A Chicken Sandwich in Two Days (or Less)


Approach your summer vacation with caution. Your list of things to do could keep you busy and on the move, but it's Saturday afternoon, the sun is shining, and the hammock beckons. In the kitchen sink, a hormone-free, free-range chicken has thawed overnight. It's a good country chicken, its neck still intact, a few wet feathers still clinging to its pale flesh. An extra wing is stuffed in the cavity—great luck since you've just discovered from one of your favorite cookbook authors that a substance secreted from the wing joint adds a gelatinous quality to the broth.

Wash the chicken with cold tap water and throw it in a big stew pot with an onion, a few cloves of smashed garlic, a sprig of limp celery, a couple carrots, some flat-leaf parsley from the garden and enough cold water to cover. Season with a fistful of kosher salt, black peppercorns, a few whole cloves and a sprinkle of dried thyme. Bring to a boil, then turn down to a slow simmer.
Hammock. It's an active verb for a deliciously passive exercise, as in "Don't bug me; I'm hammocking." Crawl in the hammock and forget about the chicken for an hour and a half. Surround yourself with the bare necessities—a glass of sweet tea, a magazine or two, your novel, a pillow, a light blanket in case the wind whips up. Leave the telephone inside. Dissolve into your book and its rich descriptions of hills, trees, rivers, music, wine and lovemaking. Pause to consider what to do with the chicken once it's cooked and off the bones. Chicken and dumplings, elaborately prepared with a hand-rolled dough, the rich broth turned milky with a last-minute addition of butter and cream. Stare high up into the treetops overhead and listen to the little boy next door as he pedals back and forth, up and down the sidewalk, just beyond the fence that shields you from the world. No, a Sunday dinner chicken curry, spicy but sweetened with coconut milk. Nests of condiments—cilantro leaves, chopped peanuts, golden raisins, green onions served in blue-and-white Chinese porcelain bowls on the side. Take a nap and wake up to the warm scent of chicken and celery, wafting out the kitchen window.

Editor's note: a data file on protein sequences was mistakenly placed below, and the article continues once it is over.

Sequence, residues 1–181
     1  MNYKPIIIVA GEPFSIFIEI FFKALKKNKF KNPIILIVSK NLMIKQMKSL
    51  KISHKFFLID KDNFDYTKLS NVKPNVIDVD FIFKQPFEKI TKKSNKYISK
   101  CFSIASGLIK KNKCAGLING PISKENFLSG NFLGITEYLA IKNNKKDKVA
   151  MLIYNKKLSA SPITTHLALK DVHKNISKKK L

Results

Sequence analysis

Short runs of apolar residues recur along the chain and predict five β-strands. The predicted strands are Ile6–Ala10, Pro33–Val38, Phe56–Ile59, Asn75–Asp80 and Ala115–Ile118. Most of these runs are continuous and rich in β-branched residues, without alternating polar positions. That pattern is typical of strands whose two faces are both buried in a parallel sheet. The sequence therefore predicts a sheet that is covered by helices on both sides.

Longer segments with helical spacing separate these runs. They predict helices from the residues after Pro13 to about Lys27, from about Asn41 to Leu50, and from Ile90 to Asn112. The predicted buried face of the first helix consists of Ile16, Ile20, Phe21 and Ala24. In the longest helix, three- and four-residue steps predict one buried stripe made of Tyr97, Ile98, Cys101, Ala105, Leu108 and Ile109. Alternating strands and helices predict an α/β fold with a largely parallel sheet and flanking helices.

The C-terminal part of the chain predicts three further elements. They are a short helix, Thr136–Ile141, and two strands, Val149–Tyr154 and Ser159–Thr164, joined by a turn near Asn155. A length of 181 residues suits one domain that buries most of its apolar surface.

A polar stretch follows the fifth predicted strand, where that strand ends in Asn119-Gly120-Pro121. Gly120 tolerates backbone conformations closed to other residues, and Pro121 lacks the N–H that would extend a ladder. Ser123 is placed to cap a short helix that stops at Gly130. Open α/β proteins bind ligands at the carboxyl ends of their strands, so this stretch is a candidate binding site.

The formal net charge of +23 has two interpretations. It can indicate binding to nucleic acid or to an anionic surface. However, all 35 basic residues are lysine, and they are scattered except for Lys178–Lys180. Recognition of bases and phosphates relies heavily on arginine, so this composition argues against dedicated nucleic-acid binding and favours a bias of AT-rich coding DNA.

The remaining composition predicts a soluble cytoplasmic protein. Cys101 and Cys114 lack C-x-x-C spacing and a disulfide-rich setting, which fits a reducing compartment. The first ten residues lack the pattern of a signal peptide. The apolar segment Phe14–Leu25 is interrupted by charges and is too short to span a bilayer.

Go in and taste the broth, golden now with suspended bubbles of clear fat. Add salt to taste. Strain the broth into a large container, cover and refrigerate. Leave the chicken to cool in the colander and resume hammocking. Finish your book just as the sun sets and the air begins to turn blue. Cuddle beneath your blanket as the birds fly high overhead and the next-door neighbor calls in her boy. Plan your grocery list for the curry—cauliflower, potatoes, peas or something else green. You'll shop in the morning.
Pull the warm chicken off the collapsing bones. Don't forget the slivers of dark meat beneath the skin on the back. Eat the neckbone meat at the kitchen sink. Cover and refrigerate the meat and settle in for an evening of videos and DVDs, the ones you've been meaning to see. Eat pie and ice cream for dinner. Consider the pile of papers on the floor next to you. Go to bed and start a new book.
Wake up and ride your bike to the grocery store. It's another golden day. Your garden is about to erupt in bloom. You can only carry a few groceries in your saddlebags. The Sunday New York Times takes up a lot of room. Gather the items for the curry and pedal home, past Sunday morning neighbors watering their lawns. Eat pie for breakfast. Drink coffee and return to the hammock to read the Times. Fall asleep and wake up to the sight of your sleepworn son—crusty-eyed, wild-haired and hungry. While he showers, fix lunch. Toast slices of Wonder bread. Slather them with Hellman's mayo and pile them high with tender slices of cooked chicken. Eat one standing up, then sit down for another. Wash down with cold milk served in a wine glass. The curry will wait. The broth will keep. You'll have chicken sandwiches for dinner, too. The afternoon is for hammocking.


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